The U.S. used to control the PC business until it started outsourcing manufacturing to China and other Asian nations. Over two decades, engineers became increasingly capable at building computers and today they own the industry. In 2001, four U.S. companies and one Japanese company were the top five computer makers by market share; today three of five are Asian companies. That's a huge shift in a giant industry over just 11 years.
Smartphones are trending in the same direction. Manufacturing already occurs in China and it's only a matter of time before a serious brand emerges to challenge today's leaders. Apple taught Samsung how to build today's smartphones and rumors have circulated that supplier Foxconn has its sights on its own smartphone.
Hacking isn't a silver bullet against U.S. companies, but it's a piece of the picture. Teach a few bright people how to build smartphones here, steal a little software code there, and suddenly a new competitor is born.
China shooting itself in the foot
The crazy part of the hacking reports is that China has more to lose than we do. Its economy relies on exports to survive and if U.S. companies began pulling out, it could be devastating. China isn't at the point where it can export its own products. It currently relies on U.S. companies to provide brands and technology while leveraging cheap Chinese labor, and it doesn't have a consumer-driven economy.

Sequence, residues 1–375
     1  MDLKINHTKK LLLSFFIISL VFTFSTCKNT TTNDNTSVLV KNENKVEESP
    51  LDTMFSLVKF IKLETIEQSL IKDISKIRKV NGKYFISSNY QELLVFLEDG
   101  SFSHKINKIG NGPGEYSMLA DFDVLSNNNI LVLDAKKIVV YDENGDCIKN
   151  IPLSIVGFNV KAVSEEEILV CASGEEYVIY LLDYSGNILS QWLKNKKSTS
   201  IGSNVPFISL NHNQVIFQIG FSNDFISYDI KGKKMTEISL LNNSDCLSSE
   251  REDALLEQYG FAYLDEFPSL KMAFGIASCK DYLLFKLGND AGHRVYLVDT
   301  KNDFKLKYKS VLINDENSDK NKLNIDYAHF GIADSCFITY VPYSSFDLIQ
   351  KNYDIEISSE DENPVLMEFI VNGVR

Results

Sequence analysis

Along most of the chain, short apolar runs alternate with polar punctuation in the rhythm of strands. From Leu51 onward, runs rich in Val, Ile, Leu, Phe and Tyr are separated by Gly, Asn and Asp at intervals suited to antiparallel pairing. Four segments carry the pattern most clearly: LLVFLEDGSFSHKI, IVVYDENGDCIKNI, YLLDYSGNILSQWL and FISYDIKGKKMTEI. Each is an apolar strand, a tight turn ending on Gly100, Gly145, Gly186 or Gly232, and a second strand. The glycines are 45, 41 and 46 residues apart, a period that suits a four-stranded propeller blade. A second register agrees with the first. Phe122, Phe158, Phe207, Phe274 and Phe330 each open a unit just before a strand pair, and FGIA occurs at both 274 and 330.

Over time, that will change, but China has a long way to go before it has a consumption or locally developed export economy. Whether it's hacking or IP theft, the country has to keep its eye on how far it pushes U.S. companies, which are already dealing with higher labor costs and could bring production home to the U.S.
China isn't the only problem
None of this is to say that China is the only problem. Facebook (NASDAQ:FB), Apple, Microsoft (NASDAQ:MSFT), and Twitter have all been hacked very recently and it doesn't appear to be coming from China. Eastern Europe and Russia, which are known to have some of the most sophisticated hackers, seem to be the source of recent problems. Microsoft has been fighting Chinese copyright infringement for decades so it already understands what a challenge these new markets present. For Facebook, the stakes are extremely high given the information people put on their site. A hack from anywhere in the world could render the company untrustworthy, sending users fleeing the site.
The difference between Chinese hacking and the recent tech hacking is that these countries don't make a lot of the products we buy so stealing IP wouldn't have the same impact. China could take the IP and leverage an already existing manufacturing infrastructure to build industries that compete directly with U.S. companies.
With IP in danger, labor costs rising, and local competitors popping up, I think we'll see increased scrutiny by U.S. companies doing business in China. We won't see a wholesale move back home, but a trickle will take place. If hacking from China continues, the discussions in boardrooms across the U.S. will take a more serious tone, particularly in high-tech industries.
U.S. companies have a lot to lose and a slightly lower margin may be a small price to pay if your whole business is under attack.
One of the biggest outsourcers to China